Before I got close to Benbrack though I had some more climbing to do. I lost the path for a while, just beyond Stroanpatrick. I think sheep have been using them for back scratching or perhaps they’ve been felled by wind or weather, but a number of fallen marker posts, and me concentrating on my audio book instead of watching the map, meant I strayed away from the path. I cut across an array of lumps and bumps at Kiln Knowe to meet it again, climbing towards a gap in the forest ahead and the wild path up to Manquhill Hill. I got some lovely views from this bald top, with forest stretching away on most sides but a clear view of the path ahead to Benbrack.
That particular climb seemed endless. It was 12 miles into the day and the wind was picking up, the temperature had dropped and in was beginning to flag a bit, so it was probably not as bad as I recall. I took a couple of gasping stops as I climbed and eventually I could see the arch and then the trig point at the summit.
I’d sort of convinced myself that Benbrack was the end of the climbing for the day, so was quite surprised to find that I still had some more to do before I could drop down to my B&B. It was all quite soggy from this point too. Very reminiscent of a Peak District summit. I dropped down then up to Mid Hill, then the same again to Cairn Hill. In said goodbye to the Southern Upland Way at this point and turned left towards Coranbae Hill, another down and up. From here I dropped a thousand feet over the next mile or so, following a fence line beside the forest on my left.
Towards the bottom, the path got very wet and quite tricky in places as it struggled to stay above a deep, rocky burn called Altry Burn. I reached the bottom and looked for a place to cross the fast flowing river. I was lucky it wasn’t in spate, or I’d never have managed to make the crossing, but I eventually found a series of stones, dry enough to enable me to hop across. It was here that I saw my first people of the walk.
I don’t think I’ve mentioned how few people I’ve seen since I started this walk. I don’t mean other Southern Upland Wayers, I mean other people full stop. In the towns of course I’ve seen folk, but once I leave the environs of a village that tends to be it. Yesterday I saw three lads in a Land Rover and a couple of lorry drivers on the logging road, but I’ve still not seen another walker on the hills, not even from a distance. Even when walking somewhere ‘unpopular’ like the Howgills, I may not meet another walker, but I generally see one from a distance. Not here. I’ve not seen a soul. Until this afternoon, walking past Holm of Dalquhairn Bridge, when I saw four mountain bikers. They were too far off to speak to and they weren’t walkers, but it’s nice to know other people do use these hills.
I walked down the long tarmac drive to Nether Holm of Dalquhairn and rang their bell. Which is a bell, a big brass ships bell, with a clanger and everything. The tolling of the bell summoned a lady to the door, who looked surprised to see me. ‘Am I in the right place?’ I asked. There had been no B&B sign on the drive, I’d just followed the directions provided. ‘I’m looking for Susie’ I explained. ‘Oh, gosh, I wasn’t expecting you today’ she said. My heart sank.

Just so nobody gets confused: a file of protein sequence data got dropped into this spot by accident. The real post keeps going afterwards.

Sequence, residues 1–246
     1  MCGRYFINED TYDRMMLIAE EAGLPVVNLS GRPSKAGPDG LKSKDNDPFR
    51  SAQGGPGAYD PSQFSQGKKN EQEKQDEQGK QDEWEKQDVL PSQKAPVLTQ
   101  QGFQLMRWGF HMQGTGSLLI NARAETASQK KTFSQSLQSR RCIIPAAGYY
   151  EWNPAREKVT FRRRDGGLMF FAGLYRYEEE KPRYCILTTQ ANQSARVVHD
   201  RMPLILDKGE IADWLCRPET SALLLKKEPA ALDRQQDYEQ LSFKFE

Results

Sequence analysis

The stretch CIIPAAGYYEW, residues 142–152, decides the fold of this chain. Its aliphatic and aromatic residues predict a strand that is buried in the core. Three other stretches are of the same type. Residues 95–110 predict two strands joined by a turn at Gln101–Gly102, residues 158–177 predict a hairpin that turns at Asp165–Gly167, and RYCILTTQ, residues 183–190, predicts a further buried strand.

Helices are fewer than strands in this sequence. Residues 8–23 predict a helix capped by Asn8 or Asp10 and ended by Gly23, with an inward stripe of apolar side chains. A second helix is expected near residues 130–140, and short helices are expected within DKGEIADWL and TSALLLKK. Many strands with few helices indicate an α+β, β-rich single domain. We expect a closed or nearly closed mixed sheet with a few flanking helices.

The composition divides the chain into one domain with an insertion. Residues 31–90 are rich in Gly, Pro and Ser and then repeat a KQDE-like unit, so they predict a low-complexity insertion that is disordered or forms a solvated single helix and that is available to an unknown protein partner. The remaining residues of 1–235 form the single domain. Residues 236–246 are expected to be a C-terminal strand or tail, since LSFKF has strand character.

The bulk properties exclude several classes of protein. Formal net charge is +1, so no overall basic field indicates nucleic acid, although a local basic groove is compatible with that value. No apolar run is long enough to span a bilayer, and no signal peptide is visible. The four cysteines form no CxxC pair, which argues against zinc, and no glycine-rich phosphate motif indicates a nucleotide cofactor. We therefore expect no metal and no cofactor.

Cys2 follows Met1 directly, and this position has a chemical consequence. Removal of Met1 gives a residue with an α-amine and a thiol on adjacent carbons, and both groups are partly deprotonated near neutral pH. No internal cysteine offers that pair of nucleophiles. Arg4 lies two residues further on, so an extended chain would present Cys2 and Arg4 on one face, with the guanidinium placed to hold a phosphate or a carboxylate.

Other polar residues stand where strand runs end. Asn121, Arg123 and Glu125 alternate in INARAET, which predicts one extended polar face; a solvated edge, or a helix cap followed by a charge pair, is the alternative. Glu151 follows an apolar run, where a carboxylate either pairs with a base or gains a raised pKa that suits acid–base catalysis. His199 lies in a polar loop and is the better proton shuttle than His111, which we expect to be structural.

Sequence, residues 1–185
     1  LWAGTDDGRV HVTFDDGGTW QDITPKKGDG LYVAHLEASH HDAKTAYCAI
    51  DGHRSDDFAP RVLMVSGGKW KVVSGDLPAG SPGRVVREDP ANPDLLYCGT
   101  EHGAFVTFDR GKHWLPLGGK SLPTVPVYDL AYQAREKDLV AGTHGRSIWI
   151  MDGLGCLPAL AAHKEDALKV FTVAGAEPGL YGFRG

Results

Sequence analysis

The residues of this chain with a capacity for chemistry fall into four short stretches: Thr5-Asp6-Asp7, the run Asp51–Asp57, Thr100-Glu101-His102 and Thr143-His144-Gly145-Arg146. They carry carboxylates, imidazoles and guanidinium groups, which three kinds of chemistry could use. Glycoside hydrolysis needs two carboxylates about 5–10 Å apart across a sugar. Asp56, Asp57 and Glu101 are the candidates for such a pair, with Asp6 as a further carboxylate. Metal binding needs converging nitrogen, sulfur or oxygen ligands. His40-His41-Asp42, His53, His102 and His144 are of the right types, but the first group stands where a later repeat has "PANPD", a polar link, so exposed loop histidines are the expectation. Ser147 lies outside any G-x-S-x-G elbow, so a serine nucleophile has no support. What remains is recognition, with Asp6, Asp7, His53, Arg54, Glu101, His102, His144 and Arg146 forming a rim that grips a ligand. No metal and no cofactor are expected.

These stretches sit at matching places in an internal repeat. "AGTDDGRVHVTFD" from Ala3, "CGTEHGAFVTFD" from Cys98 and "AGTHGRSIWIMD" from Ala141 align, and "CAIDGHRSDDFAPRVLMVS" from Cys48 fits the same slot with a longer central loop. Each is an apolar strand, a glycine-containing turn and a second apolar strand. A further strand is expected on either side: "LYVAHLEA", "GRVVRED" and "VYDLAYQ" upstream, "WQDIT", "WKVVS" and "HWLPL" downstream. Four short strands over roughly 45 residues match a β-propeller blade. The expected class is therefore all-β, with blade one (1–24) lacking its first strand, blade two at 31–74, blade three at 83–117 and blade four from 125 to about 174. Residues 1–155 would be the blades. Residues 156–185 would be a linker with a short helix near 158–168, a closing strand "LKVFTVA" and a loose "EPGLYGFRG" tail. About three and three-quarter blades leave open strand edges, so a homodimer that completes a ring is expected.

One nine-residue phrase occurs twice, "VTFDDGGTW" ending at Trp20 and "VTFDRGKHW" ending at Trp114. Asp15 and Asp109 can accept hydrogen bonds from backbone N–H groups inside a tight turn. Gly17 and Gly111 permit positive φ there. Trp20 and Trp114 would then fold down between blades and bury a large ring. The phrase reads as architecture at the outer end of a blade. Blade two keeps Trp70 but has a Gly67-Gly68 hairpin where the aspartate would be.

Fortunately she had enough room to accommodate at least 15-20 people, in a separate building behind the farmhouse. It was cold and basic, feeling a bit like a youth hostel or bunkhouse. There was a central lounge with a small kitchenette, wood burner which also heated the hot water and several bedrooms and bathrooms. I got a bed and a choice of shower or bath.
The wood burner took an age to heat the water though and in the end I gave up waiting and had what could generously be called a tepid shower. I didn’t linger long under th weak stream of cool water and was soon back with my feet in front of the wood burner.
There was an impressive amount of religious iconography about the place. Every wall had a picture of a saint, the Pope (the previous one) or Jesus. I began to think this may be used as a retreat.
Being so far from any other facilities, the room included an evening meal and I was asked to come across to the house at 19:00 for supper. I spent some time updating the journal. As expected, there was no phone signal and no WiFi either, so no chance to upload what I was writing. I sat and fed the wood burner, and I’m sure my clothes will smell of smoke for the rest of this journey.
Supper was very nice, provided with a bottle of Jennings Cocker Hoop, so someone had good taste in beer. After I’d eaten and chatted in was back over the yard in my little hostel.
The weather for tomorrow looks a bit grim, it’s due to rain all day and it that proves to be the case then I’ll probably take the low route along the Lorg Trail and through the forest to rejoin the path, rather than climb the 1000 feet back to the path at the top of Coranbea Hill. This will also shave a mile or two off the route, thus saving me a couple of hours perhaps. I’ll see what the weather looks like in the morning before making a decision, but I don’t seeing value in climbing all that way into the cloud. Unfortunately it seems like the low route through the forest is renowned for being a bit wet and boggy, but I have my carrier bag gaiters for just such an emergency.